The grantmakers we talked to described “advocacy” as a category of activities — usually carried out by grantees, but sometimes undertaken directly by foundations — whose primary purpose is to influence people’s opinions or actions on matters of public policy or concern:
Here’s an example of each, drawn from the experiences of three very different foundations:
On advancing an idea. One grantmaker who supports poverty reduction in the United States described a concerted effort by his foundation and a group of grantees to introduce the idea of children’s savings accounts – a mechanism by which government would establish a savings account for every child at birth, then provide special assistance and incentives to help low-income families save for their children’s future. As they formulated the research and demonstration project to pilot test the details of the system, they also designed a communications plan that would publicize the idea and highlight its broad appeal. He explained: “The notion that low-income people can save and invest in productive assets has proved to be a popular idea that transcends party lines and ideologies. People setting goals, following through on their plans to achieve their goals, and investing in themselves in productive ways resonates with many traditional values of self-reliance and empowerment. And the notion that this behavior can be facilitated or encouraged by government policies that resemble the various savings incentives provided to middle-income people strikes many people as fair.”
On arguing a position. A staff member in a national foundation supporting anti-smoking advocacy recalls: “There were enormous numbers of people who wanted [clean indoor-air] legislation, who didn’t want to have to work and eat and do business overcome by smoke. And there was research showing physical harm from secondhand smoke to employees in restaurants and bars who were, in effect, compelled to breathe in other people’s carcinogens or else lose their jobs. But with tobacco companies spending millions of dollars to claim that there was no harm in secondhand smoke, no public- health interest in indoor air quality, and no public support for controls, the desire for clean air was basically drowned out. Our grants made sure that information got out to the public and to decision makers: research grants, public information grants, support to produce public-service advertisements, and state-level campaigns to get the word out.”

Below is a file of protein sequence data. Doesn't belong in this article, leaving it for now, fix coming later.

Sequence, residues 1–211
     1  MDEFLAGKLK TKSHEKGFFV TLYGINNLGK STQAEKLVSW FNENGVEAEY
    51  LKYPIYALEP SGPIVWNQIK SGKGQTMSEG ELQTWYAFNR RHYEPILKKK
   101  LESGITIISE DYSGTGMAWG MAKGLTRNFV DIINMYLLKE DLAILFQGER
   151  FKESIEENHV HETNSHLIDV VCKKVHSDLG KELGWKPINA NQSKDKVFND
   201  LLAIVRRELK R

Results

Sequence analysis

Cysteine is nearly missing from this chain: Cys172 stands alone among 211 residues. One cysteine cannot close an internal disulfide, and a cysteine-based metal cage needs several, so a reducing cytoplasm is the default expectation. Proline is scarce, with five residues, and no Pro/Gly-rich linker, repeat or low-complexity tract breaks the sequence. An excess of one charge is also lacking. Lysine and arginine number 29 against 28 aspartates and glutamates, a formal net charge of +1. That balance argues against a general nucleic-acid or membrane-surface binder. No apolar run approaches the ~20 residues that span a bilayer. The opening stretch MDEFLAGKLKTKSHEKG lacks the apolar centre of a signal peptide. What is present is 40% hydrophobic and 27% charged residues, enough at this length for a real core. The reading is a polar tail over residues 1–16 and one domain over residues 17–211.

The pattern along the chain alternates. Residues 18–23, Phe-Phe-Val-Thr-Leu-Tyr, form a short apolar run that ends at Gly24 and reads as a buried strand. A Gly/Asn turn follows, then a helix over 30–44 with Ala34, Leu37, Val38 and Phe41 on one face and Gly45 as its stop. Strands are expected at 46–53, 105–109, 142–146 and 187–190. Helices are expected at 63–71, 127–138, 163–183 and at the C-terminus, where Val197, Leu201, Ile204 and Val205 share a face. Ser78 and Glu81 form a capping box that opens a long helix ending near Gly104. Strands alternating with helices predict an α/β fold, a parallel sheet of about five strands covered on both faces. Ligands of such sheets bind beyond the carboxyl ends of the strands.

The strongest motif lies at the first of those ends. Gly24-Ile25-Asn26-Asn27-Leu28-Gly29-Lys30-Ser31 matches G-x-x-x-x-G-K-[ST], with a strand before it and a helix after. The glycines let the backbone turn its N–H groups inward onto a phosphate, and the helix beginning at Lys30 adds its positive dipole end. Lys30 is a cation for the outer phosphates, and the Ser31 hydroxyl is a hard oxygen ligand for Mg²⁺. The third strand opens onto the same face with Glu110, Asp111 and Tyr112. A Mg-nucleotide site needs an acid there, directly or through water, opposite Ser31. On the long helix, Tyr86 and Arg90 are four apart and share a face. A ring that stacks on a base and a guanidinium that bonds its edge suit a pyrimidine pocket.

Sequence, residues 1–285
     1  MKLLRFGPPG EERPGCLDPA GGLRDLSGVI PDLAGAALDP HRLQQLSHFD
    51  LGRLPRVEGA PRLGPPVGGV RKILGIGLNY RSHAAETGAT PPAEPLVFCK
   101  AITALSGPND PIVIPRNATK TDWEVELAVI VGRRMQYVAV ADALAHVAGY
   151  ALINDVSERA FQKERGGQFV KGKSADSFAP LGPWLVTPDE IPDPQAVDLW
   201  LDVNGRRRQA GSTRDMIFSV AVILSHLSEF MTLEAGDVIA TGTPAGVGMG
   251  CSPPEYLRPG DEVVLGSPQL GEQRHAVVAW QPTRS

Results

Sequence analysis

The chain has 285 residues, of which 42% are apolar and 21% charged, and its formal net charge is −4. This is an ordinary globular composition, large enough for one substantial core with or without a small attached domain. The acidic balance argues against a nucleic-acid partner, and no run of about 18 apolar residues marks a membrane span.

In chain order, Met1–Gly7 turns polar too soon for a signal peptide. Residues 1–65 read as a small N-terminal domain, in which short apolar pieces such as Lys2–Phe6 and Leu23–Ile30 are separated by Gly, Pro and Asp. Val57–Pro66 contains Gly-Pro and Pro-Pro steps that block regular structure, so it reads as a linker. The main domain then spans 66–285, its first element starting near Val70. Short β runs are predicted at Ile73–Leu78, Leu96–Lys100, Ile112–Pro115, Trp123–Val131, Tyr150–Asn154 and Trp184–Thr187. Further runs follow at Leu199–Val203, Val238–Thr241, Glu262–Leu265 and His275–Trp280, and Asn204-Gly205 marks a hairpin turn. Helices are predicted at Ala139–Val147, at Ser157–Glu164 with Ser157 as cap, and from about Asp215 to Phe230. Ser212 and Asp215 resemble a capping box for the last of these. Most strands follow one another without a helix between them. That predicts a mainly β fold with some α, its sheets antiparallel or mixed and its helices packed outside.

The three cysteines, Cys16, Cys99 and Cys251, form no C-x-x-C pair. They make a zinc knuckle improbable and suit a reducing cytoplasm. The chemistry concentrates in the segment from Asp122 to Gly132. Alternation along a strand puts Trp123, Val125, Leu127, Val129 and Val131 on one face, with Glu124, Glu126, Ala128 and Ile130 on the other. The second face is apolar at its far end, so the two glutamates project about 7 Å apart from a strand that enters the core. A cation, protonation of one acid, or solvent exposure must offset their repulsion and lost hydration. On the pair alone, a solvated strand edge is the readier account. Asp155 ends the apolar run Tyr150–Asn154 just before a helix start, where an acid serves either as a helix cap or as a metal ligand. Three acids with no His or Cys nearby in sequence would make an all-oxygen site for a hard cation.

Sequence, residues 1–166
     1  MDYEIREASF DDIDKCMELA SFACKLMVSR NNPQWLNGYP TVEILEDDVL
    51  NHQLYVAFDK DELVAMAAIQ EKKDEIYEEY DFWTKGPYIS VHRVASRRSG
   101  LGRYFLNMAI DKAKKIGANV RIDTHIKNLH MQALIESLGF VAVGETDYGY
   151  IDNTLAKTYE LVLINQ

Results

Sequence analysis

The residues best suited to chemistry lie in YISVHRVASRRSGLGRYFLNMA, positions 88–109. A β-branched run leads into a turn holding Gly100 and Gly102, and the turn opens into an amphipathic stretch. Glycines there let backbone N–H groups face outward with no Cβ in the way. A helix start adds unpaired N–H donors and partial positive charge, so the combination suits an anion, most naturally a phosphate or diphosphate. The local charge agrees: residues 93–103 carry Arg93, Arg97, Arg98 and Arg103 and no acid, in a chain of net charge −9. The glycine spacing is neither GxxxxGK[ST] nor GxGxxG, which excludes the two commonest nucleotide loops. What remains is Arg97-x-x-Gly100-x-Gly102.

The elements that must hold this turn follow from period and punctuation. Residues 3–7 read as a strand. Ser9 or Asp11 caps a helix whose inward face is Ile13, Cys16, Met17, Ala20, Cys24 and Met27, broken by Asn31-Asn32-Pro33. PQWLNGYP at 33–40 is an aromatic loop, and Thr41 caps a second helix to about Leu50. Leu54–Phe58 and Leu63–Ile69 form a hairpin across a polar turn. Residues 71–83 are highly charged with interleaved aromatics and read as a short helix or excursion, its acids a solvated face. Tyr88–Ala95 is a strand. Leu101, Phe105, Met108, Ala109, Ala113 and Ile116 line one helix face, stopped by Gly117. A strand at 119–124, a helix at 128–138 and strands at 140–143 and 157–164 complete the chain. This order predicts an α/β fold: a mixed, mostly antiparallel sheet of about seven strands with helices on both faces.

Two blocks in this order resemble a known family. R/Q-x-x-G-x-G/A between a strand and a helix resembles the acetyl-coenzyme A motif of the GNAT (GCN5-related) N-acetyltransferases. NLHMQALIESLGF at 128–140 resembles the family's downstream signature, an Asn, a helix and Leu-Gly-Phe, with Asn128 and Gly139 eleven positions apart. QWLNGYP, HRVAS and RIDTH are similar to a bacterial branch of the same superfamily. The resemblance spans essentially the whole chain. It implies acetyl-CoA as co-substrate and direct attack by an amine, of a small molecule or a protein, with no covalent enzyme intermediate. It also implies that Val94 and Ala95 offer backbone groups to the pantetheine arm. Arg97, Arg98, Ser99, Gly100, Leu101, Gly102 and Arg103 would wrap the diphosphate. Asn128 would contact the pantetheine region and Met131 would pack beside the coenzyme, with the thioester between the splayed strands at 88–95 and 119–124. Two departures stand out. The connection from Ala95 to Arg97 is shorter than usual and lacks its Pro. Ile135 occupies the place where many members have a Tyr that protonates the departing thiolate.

On enriching the debate. A local funder who supports efforts to end homelessness — both direct services and advocacy — pointed out that, in her state, “we have a strong advocacy community, a strong workforce community, a strong low-income housing community, yet we weren’t seeing great success at the policy level, which really requires cross-collaboration among all these groups. A lot of policy debate in the state involves a narrow audience of wonks who speak the same language. And doing antipoverty work, it’s discouraging not having a bigger constituency caring about those issues. So the first thing we tried to do was get more voices around a common table talking about what it would take to end homelessness, and how we would move that agenda once we had it.”"
Takeaways are critical, bite-sized resources either excerpted from our guides or written by GrantCraft using the guide's research data or themes post-publication. Attribution is given if the takeaway is a quotation.
This takeaway was derived from Advocacy Funding.